China’s rise a big disruption, says Jaishankar

Common concern:Foreign Secretary S. Jaishankar speakingat the concluding session of the Raisina Dialogue in New Delhi on Thursday.Special Arrangement

Common concern:Foreign Secretary S. Jaishankar speakingat the concluding session of the Raisina Dialogue in New Delhi on Thursday.Special Arrangement  

The rise of China is a major disruption, Foreign Secretary S. Jaishankar said on Thursday, in comments that mirrored those made by U.S. Pacific Commander (PACOM) Admiral Harry Harris.

“One big disruption is the rise of China, then the posture of the U.S., the challenge of terrorism, and the fourth would be the implications of non-market economics. We are seeing the rise of a very different power, whether the rise is a model for others is certainly a question,” Mr. Jaishankar said. He was speaking at the concluding session of the Raisina Dialogue, organised jointly by the Ministry of External Affairs and the Observer Research Foundation.

However, he said, disruption was positive in many ways. “China has in a way opened up the international order, which allowed India to make its presence felt,” he said.

Observing that the region west of India was unstable while the region to the east of India was stable and focussed on growth, Mr. Jaishankar said India had “absorbed all the pressures from the West” so that the nations in the east remained stable.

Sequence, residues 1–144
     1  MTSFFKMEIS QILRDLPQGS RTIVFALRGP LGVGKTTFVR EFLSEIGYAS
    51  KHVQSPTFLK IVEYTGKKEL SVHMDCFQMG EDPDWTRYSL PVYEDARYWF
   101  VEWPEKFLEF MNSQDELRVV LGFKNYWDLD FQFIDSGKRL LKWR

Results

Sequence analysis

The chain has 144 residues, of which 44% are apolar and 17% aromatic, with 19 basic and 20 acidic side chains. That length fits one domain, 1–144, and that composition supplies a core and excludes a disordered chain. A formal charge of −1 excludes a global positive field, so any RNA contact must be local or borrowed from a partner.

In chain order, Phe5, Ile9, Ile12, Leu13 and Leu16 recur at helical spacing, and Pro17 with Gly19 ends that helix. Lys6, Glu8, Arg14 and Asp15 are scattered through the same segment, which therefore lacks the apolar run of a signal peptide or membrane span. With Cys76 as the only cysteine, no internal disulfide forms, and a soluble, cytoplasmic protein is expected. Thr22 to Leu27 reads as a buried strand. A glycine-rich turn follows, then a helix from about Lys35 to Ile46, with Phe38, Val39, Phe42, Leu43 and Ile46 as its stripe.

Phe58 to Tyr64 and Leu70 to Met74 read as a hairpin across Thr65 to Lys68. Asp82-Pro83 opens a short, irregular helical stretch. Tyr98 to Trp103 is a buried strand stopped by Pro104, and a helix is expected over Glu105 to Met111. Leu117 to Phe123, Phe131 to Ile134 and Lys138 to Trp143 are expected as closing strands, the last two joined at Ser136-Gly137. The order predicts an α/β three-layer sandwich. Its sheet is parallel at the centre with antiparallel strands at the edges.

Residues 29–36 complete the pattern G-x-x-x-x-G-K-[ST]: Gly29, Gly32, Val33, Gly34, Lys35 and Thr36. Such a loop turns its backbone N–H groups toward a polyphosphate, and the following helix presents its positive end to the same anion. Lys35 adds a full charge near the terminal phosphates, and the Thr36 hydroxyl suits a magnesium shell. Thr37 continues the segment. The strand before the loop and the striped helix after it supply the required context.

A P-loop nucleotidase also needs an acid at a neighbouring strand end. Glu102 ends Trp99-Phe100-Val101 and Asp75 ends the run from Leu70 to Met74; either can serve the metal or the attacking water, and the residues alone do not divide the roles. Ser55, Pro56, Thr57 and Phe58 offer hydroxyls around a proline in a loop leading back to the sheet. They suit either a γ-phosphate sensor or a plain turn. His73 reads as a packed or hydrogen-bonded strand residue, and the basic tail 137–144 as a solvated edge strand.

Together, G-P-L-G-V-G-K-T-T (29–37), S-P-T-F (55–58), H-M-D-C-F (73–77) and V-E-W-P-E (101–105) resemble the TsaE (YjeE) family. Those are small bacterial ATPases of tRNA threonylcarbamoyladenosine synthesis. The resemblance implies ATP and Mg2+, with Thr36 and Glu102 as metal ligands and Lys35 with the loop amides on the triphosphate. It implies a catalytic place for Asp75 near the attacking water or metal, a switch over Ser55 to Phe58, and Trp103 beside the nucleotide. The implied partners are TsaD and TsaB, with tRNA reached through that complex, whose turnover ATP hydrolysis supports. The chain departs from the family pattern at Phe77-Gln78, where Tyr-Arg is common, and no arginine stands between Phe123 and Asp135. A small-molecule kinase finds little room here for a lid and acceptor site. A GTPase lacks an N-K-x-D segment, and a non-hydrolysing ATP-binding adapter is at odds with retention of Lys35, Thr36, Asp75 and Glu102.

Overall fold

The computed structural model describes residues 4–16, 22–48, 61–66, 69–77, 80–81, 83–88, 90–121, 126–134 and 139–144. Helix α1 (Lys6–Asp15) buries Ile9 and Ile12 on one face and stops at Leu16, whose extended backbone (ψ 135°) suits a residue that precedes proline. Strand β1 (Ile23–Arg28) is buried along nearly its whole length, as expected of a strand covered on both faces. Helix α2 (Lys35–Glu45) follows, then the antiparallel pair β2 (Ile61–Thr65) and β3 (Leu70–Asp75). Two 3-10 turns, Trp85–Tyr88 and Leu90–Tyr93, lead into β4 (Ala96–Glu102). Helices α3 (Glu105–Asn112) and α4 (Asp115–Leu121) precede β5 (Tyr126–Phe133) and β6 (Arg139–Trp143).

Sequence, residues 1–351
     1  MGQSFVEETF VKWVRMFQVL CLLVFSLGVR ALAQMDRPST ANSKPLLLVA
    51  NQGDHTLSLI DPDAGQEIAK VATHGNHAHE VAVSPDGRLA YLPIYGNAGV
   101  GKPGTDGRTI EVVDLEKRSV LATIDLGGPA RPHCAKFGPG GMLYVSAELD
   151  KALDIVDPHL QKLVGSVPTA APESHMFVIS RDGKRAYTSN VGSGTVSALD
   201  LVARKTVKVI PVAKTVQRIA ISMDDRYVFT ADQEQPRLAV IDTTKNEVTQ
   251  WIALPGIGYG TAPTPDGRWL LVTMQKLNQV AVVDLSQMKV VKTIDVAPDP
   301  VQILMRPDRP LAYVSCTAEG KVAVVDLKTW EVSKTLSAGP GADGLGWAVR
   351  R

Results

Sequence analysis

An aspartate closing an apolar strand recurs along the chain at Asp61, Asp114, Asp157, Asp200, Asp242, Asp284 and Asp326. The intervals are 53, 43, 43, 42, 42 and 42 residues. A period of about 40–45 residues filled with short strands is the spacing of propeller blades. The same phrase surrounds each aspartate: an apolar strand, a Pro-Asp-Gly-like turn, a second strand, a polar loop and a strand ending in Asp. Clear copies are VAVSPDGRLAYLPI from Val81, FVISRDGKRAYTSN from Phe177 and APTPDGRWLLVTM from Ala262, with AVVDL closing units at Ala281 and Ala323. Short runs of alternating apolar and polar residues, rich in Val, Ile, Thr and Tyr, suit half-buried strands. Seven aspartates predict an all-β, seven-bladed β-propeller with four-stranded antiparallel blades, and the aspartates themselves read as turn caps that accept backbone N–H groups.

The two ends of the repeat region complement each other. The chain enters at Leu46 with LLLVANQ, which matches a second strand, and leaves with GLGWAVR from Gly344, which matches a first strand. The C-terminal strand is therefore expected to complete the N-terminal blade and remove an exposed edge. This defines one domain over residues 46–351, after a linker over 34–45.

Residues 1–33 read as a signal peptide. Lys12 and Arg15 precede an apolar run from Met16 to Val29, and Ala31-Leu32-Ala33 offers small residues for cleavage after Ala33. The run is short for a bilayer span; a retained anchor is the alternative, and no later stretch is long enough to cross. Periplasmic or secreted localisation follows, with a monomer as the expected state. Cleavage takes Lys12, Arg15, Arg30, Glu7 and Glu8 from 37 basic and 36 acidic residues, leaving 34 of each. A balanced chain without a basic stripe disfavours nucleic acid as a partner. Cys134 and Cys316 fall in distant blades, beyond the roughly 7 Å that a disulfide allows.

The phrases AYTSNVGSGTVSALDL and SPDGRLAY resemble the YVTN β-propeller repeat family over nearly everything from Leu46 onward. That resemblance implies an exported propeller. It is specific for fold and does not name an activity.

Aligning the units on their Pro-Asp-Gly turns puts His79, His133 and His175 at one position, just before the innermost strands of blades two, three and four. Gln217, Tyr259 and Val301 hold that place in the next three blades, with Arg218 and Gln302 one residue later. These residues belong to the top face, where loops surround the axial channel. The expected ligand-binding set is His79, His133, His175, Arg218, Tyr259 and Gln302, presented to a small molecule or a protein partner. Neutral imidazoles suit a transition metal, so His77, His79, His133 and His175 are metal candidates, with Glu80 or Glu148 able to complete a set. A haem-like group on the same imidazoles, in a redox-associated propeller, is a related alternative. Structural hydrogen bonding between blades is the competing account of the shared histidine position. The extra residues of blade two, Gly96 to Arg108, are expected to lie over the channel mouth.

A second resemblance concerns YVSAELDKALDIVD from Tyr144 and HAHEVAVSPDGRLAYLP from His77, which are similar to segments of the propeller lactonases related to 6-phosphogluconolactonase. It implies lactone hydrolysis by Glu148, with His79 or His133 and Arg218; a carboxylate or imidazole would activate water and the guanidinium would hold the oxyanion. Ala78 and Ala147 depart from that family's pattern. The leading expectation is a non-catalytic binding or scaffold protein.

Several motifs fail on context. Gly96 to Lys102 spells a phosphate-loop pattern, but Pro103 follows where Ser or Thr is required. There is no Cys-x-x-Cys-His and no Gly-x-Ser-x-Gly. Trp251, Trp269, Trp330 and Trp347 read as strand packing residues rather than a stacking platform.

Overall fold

Earlier in the day, the former Afghanistan President, Hamid Karzai, said China was a huge reality in this region and the world. “We know China is a good friend of Pakistan, but so is the U,S. We don’t have a problem being friends... even with Pakistan,” he said.

The Navy chiefs and senior naval officials of the ‘Quad’ countries flagged the increasing Chinese assertiveness in the Indo-Pacific and stressed the importance of multilateral mechanisms to maintain peace in the region. “The reality is China is the disruptive force in the Indo-Pacific region. The trust deficit that exists in the region should be addressed by China,” said Admiral Harry Harris.

Indian Ocean foray

Indian Navy chief Admiral Sunil Lanba said China had been making increasing forays in the Indian Ocean in the name of anti-piracy and the scenario was likely to continue. “On overseas bases, it is an open question, but China has invested money in port facilities. But they are economically unviable,” he said.

Admiral Lanba said the region was facing a deficiency of trust and fear of insecurity and called for trust between countries and transparent inter-operability.

Australian Navy chief Vice-Admiral Tim Barrett said there was more trust between the militaries of the region than there was on political dialogue. “An abundance of these organisations and institutions, poorly managed or not aligned, makes it difficult for us to achieve meaningful outcomes,” he said of the various groupings.

Japan’s Admiral Katsutoshi Kawano said it was difficult to change China’s aggressive policy and if it continued violating international norms, it would be isolated. The One Belt One Road initiative seemed to be an “economic initiative,” but with military aspects.

India, Australia, Japan and the U.S. last year revived the quadrilateral grouping which in the past had drawn a sharp response from China.

Recommended for you